Back/The Parent Perspective: Parents’ Perceptions of Their Children’s Blended Learning Experiences

The Parent Perspective: Parents’ Perceptions of Their Children’s Blended Learning Experiences

by Erin Cofrancesco, Melina Minji Kim on December 18 2018

We are graduate students at the Harvard Graduate School of Education (HGSE) studying educational technology and innovation. As part of Barbara Treacy’s course, Connected Teaching in the Digital Age, we partnered with The Learning Accelerator (TLA) to research an important stakeholder in the field of blended learning: parents. We surveyed parents of children in blended learning schools or classrooms to gauge their attitudes towards this learning approach which integrates in-person teaching with technology.

Methodology

We distributed an online questionnaire containing sections on parents’ understanding, perceptions, and concerns about blended learning, as well as the role technology plays in school and the home. The survey concluded with an optional demographics section. We distributed the survey through TLA’s social platforms, networks, and HGSE student and alumni networks. We collected a total of 30 responses.

Key Findings of the Survey

Our survey revealed that some parents’ attitudes toward blended learning were neutral, and to a lesser extent, positive. 36.7% of parents could clearly define blended learning, and 63.3% felt they had a good understanding of how technology was being used in their children’s classrooms. When asking about parents’ general feeling towards blended learning on a Likert scale of 1-5, 14 out of the 30 respondents indicated 3 (neutral), 10 respondents indicated 4 (somewhat positive), and 6 respondents indicated 5 (very positive).

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In response to a question about whether blended learning would help their children outside of school, 73.3% of parents indicated “yes” and 26.7% indicated “maybe.” In response to a question about whether blended learning would prepare their children better, worse, or as well as traditional schooling that does not incorporate technology, 56.7% indicated “better," 40% indicated “same," and 3.3% indicated “worse."

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In the concerns section, we gave parents the opportunity to check off any concerns they had regarding blended learning. 43.3% of parents marked child’s privacy, 40% marked child’s learning outcomes, 20% of parents marked no concerns, and 16.7% marked child’s physical health. Some respondents opted to give their own answers, including, "Too much screen time, social aspect, and online access being monitored."

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When asked about who they rely upon most for information on blended learning at their child’s school, 73.3% of respondents indicated “my child’s teachers," 10% of respondents indicated “Internet," and 6.7% indicated “other parents/caregivers.” None of the other answer options, which included “school principal” and “other," yielded a response above 3.3%.

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We categorized open-ended responses to the question “What does your child say about blended learning?” according to valence. Positive responses emphasized student choice, personalization, individually-paced learning, and using technology creatively. Negative responses criticized the use of technology at the expense of teacher feedback and interaction, as well as technology being used for rote tasks.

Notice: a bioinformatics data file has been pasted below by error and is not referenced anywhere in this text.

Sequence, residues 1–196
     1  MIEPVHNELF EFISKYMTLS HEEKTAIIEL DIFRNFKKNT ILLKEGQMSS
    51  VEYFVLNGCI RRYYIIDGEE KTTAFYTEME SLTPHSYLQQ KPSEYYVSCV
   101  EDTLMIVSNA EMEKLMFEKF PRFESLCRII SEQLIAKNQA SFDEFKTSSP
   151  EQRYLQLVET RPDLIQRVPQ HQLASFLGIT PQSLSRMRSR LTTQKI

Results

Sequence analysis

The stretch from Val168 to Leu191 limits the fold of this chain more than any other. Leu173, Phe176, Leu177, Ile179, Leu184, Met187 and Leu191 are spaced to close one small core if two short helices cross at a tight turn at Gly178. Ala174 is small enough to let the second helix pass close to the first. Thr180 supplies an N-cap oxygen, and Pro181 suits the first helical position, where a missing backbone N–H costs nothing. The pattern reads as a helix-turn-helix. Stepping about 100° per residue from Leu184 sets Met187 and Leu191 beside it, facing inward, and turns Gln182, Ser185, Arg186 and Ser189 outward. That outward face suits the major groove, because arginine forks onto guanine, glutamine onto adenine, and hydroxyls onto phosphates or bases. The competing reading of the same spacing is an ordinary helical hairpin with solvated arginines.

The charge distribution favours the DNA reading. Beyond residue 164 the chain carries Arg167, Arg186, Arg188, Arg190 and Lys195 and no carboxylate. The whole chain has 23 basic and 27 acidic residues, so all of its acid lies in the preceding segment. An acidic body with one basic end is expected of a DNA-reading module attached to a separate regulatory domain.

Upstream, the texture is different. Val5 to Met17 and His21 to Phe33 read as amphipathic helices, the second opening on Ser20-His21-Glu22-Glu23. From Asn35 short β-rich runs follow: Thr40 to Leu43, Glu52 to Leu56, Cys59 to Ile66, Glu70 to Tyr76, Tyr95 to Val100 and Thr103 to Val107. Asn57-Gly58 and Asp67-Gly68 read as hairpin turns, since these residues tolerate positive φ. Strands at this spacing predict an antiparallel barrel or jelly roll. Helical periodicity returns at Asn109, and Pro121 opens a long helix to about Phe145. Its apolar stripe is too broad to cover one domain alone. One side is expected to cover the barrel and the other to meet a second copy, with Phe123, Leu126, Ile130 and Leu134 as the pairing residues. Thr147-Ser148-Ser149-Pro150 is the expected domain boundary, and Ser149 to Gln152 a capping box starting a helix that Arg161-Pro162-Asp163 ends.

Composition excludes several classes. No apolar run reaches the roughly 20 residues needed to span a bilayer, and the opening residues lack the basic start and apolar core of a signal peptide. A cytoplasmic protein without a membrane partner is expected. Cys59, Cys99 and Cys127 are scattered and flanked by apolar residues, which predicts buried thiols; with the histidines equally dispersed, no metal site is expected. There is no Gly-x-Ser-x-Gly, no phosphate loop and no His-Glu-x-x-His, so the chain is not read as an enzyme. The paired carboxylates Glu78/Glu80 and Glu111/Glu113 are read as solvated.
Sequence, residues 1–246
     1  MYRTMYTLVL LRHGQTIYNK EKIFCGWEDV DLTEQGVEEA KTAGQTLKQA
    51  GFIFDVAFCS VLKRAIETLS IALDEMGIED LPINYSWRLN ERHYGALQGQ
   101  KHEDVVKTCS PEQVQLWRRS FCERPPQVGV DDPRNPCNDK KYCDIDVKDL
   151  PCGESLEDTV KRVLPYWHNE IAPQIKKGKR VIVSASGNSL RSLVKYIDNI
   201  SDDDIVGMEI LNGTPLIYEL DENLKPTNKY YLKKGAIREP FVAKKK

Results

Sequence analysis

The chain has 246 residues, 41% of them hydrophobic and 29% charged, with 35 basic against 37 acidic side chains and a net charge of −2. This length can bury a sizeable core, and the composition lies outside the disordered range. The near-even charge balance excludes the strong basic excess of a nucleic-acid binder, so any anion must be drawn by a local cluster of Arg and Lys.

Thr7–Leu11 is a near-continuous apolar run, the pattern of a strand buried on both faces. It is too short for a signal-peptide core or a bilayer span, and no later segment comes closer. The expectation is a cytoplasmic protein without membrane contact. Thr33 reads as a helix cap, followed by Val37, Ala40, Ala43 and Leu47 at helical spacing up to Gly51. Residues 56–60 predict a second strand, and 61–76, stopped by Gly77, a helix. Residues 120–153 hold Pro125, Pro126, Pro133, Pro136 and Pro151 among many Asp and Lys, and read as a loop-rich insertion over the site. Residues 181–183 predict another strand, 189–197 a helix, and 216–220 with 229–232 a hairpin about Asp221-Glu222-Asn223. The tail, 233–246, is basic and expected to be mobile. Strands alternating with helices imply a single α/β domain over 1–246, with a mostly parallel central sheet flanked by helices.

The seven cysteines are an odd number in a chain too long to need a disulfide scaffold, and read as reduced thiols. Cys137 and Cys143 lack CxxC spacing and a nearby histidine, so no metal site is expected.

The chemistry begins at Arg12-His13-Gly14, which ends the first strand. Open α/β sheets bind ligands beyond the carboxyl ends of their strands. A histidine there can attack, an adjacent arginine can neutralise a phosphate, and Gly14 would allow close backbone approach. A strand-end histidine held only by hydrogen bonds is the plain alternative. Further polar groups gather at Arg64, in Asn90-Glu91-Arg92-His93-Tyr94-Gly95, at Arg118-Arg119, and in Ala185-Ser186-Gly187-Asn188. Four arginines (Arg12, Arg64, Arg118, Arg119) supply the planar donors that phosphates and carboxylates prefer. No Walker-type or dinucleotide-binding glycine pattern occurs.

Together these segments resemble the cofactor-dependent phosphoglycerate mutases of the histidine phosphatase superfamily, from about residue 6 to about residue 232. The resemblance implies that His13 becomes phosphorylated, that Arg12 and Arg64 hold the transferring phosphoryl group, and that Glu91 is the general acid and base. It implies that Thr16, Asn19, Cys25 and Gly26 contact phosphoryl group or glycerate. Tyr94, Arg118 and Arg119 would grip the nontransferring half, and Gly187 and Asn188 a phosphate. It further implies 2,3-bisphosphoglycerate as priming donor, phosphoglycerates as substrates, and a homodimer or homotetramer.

Takeaways and Recommendations for Educators Working with Parents on Blended Learning

Educators engaged in blended learning should increase their efforts to involve parent communities, ensuring that parents understand the importance and benefits of blended learning in an increasingly technology-reliant world. Our results indicate that parents usually rely on teachers for information on blended learning, so it is crucial that teachers feel comfortable explaining their blended learning practices to their students’ parents. It would be useful for school administrations to provide professional development to build teachers’ capacity and depth of knowledge about blended learning when communicating with parents.

Parents’ open-ended responses suggest that the way technology is used determines the educational impact it will have. Parents saw using technology to foster collaboration, personalization, and student-based learning as positive, while using it to replace or mitigate the teacher’s role or implement rote drill activities was viewed as negative. Educators must ground their use of technology in pedagogy and capitalize on the unique, innovative ways of learning that it enables.

Conclusion

Our results indicate that although parents’ perceptions of blended learning are neutral or positive, their understanding is limited. Almost two-thirds of our respondents did not have a clear understanding of what blended learning is. Though the majority of parents believed blended learning would help their children outside of school, fewer parents believed that blended learning was superior to traditional non-technology-based education. Although it is promising that parents are not against blended learning, it is clear that they are not passionate or informed enough to advocate for it. We hope these findings will motivate schools to better engage and inform parent communities. Because parents are usually heavily invested in their children’s futures, their support would be a valuable asset in improving education.

About the Author

Erin Cofrancesco and Melina Minji Kim are graduate students at Harvard University Graduate School of Education.